Paul Heckingbottom: I had to move house at Barnsley to escape autograph hunters

Paul Heckingbottom is unlikely to be cowed by the scrutiny of life as Hibernian head coach, having moved house in a bid to escape the attention of adoring supporters in his home-town of Barnsley.
Hibernian's new manager, Paul Heckingbottom, alongside chief executive Leeann Dempster. Pic: SNS/Ross ParkerHibernian's new manager, Paul Heckingbottom, alongside chief executive Leeann Dempster. Pic: SNS/Ross Parker
Hibernian's new manager, Paul Heckingbottom, alongside chief executive Leeann Dempster. Pic: SNS/Ross Parker

The 41-year-old was always a well-known face in the Yorkshire town, growing up there, helping them to promotion from League One in 2006 and starting his coaching career with the youth team. He was a season ticket holder at Oakwell as a boy.

Plenty of locals had his phone number; everybody seemed to know where he lived.

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Heckingbottom recalls how everything changed in 2016 when he became Barnsley manager, winning the EFL Trophy and guiding the club to the Championship via the play-off final – both games at Wembley – in his first four months at the helm.

The texts were incessant, the tone was different and he had autograph hunters on his doorstep while he was in his dressing gown.

“After I took the job we got promoted and, living in the town, I knew the majority of fans,” he recalled. “I had been a supporter and knew people from going to games.

“There was a change, even among friends. On match days, you went from being one of the boys to it being a case of them having the manager’s number. So there’s a difference in how they behave. It makes you realise ‘s***, this is a big deal’.

“Kids were knocking the door, bringing their footballs. Dads were bringing their kids round for autographs – meanwhile, you’re in your dressing gown watching telly! So I had to move house. Really.

“I noticed it when we played Oxford in the Johnston’s Paint Trophy final at Wembley. I got up in the morning of the final, pretty laid back about it, saw my phone and there were so many texts from Barnsley fans. You felt the responsibility – it was there in your back.”

Nevertheless, Heckingbottom used that sense of duty to galvanise the club, the fans and the town. Following their two glory days at Wembley, they consolidated in the Championship and continued to upset the odds. He was one of them and, although the pressure could be suffocating, he saw the potency that he could harness.

“The power of that can be used to get everyone on the same page,” he continued. “I could influence the fans. I’m a big believer that the fans and I are no different from each other. If you have the human element and the fans identify with you, then you are one of them.”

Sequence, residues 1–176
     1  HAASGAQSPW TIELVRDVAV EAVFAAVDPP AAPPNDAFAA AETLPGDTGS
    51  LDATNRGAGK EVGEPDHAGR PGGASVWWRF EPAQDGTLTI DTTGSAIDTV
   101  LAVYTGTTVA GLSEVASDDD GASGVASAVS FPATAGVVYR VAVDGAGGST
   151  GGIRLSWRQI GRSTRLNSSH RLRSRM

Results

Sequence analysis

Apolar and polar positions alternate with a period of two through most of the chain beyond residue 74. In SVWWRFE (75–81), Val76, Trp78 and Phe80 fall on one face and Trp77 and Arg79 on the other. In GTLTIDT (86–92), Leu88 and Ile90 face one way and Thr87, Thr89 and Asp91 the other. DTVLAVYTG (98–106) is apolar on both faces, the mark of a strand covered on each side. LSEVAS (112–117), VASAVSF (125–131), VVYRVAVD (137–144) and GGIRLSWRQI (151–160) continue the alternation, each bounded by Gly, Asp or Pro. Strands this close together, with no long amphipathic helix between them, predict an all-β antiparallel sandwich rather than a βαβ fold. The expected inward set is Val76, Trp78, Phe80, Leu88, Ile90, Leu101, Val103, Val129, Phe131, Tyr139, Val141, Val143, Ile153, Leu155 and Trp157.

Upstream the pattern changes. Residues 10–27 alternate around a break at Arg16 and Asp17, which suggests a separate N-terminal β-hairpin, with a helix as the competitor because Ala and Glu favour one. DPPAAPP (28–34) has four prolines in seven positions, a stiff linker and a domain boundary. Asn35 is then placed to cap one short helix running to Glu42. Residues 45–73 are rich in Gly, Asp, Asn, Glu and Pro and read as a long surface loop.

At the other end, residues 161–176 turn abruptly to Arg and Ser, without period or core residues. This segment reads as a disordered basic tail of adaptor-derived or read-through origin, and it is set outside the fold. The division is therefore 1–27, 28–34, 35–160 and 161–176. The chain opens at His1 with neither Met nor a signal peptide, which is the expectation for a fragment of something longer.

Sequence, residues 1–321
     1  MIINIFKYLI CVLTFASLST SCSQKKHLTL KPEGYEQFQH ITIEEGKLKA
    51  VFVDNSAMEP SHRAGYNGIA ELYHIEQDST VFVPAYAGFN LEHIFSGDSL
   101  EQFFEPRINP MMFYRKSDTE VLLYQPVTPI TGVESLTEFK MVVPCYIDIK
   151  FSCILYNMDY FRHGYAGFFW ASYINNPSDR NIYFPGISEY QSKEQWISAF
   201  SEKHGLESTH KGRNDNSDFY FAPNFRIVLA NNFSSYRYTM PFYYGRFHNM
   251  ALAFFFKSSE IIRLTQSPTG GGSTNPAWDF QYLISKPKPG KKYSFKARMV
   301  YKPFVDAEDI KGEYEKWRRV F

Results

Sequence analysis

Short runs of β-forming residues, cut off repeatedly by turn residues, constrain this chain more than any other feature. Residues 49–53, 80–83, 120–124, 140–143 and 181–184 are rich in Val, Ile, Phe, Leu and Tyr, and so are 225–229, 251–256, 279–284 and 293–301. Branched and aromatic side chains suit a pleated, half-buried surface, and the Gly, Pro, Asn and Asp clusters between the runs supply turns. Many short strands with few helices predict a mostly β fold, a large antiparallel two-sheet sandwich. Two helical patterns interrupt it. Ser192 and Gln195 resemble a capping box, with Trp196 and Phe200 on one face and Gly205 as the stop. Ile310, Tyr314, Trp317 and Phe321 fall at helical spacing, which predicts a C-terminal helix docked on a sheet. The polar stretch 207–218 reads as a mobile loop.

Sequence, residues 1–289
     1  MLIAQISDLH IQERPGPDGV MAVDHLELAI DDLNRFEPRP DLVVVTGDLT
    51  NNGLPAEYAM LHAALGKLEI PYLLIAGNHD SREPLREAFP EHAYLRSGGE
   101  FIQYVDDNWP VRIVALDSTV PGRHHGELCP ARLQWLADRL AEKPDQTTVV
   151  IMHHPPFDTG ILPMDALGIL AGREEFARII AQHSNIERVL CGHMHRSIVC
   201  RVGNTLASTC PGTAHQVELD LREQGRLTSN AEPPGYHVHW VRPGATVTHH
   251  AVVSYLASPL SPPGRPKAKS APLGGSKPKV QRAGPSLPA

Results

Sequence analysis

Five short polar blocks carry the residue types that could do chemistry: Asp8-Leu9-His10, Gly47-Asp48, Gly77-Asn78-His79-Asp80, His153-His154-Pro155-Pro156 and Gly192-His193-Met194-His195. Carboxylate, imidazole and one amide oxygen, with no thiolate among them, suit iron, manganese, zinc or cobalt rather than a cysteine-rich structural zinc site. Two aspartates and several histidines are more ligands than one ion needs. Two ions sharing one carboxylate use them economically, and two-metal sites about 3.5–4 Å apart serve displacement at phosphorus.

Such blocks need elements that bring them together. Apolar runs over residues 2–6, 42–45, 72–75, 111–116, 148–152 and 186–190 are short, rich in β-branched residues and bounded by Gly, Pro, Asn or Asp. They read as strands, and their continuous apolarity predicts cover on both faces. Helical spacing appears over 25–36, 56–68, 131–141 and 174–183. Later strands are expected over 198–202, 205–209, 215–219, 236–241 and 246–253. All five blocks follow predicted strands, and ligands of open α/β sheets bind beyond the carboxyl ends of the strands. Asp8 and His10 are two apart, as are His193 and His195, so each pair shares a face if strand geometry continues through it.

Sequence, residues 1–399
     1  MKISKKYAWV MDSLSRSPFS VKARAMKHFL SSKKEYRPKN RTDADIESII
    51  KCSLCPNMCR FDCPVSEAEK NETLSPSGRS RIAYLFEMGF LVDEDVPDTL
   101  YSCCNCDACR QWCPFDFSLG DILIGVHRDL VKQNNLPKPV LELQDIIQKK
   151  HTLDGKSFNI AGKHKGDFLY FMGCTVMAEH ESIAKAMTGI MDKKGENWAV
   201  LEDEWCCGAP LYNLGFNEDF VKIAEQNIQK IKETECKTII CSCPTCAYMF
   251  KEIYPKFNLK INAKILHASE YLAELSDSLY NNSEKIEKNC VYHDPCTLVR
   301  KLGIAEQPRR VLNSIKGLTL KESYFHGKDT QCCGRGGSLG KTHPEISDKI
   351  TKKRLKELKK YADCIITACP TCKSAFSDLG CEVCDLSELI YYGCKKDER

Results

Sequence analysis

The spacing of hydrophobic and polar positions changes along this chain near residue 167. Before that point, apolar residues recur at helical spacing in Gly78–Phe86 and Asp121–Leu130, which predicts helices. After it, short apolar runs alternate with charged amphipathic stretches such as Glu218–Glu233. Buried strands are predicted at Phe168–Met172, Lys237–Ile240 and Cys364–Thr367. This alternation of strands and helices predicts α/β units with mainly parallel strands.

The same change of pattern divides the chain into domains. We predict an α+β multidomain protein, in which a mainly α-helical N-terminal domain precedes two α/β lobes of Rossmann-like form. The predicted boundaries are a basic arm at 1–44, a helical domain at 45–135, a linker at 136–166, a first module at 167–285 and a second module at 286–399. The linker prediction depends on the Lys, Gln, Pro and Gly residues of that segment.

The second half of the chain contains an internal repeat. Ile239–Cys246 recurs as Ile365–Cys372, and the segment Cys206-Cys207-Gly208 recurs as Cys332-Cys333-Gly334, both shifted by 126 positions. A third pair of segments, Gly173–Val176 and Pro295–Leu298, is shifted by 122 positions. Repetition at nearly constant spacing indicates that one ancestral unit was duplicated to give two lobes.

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As Heckingbottom embarks on this new chapter in his career, he paid tribute to the man who started the journey for him, Eric Harrison.

Heckingbottom credits his time at the Manchester United academy with imbuing him with the work ethic and humility that underpins his methods, with legendary youth coach Harrison at the heart of that.

Harrison passed away this week at the age of 81. “He was a massive influence,” he continued. “It was a special time. I always wanted to be a youth coach and Eric Harrison and Pop Robson were the reason.

“My time at Manchester United, more than anything, taught me the importance of work ethic. Everyone goes on about talent but it’s about work. I was realistic enough to know when I went to Man Utd there was a chance that I wouldn’t make it to the first team but they still had a big impact on me and my career.

“Sir Alex Ferguson brought me in and told me I wouldn’t be staying, but it was still a really positive experience.”

Those initial aspirations to be a youth coach quickly morphed into a desire to become a boss in his own right and, following a sensational two years in charge of the Tykes, he joined Leeds.

He endured an ill-fated four-month spell at Elland Road before being sacked in June 2018. Predictably, he has chosen his subsequent career move carefully. He is convinced Hibs is the right one.

“People say a hell of lot of things in football to look good and can’t back it up with anything,” says the plain-talking Yorkshireman. “But there was an acknowledgment here of where Hibs are, a realism and a clear plan to get to where we want to get to.”